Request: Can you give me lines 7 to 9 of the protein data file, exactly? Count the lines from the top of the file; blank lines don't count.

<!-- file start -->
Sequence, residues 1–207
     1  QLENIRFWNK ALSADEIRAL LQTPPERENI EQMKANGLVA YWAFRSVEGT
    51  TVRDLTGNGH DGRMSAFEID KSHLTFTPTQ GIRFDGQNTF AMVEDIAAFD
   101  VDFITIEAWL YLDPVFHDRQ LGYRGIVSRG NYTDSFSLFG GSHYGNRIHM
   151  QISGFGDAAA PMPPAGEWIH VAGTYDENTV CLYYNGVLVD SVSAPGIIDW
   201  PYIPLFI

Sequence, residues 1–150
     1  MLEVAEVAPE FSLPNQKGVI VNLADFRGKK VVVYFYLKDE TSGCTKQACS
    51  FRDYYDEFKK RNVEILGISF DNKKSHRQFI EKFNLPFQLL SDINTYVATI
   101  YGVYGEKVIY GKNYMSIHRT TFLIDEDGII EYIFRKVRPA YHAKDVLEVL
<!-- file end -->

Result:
Sequence, residues 1–150
     1  MLEVAEVAPE FSLPNQKGVI VNLADFRGKK VVVYFYLKDE TSGCTKQACS
    51  FRDYYDEFKK RNVEILGISF DNKKSHRQFI EKFNLPFQLL SDINTYVATI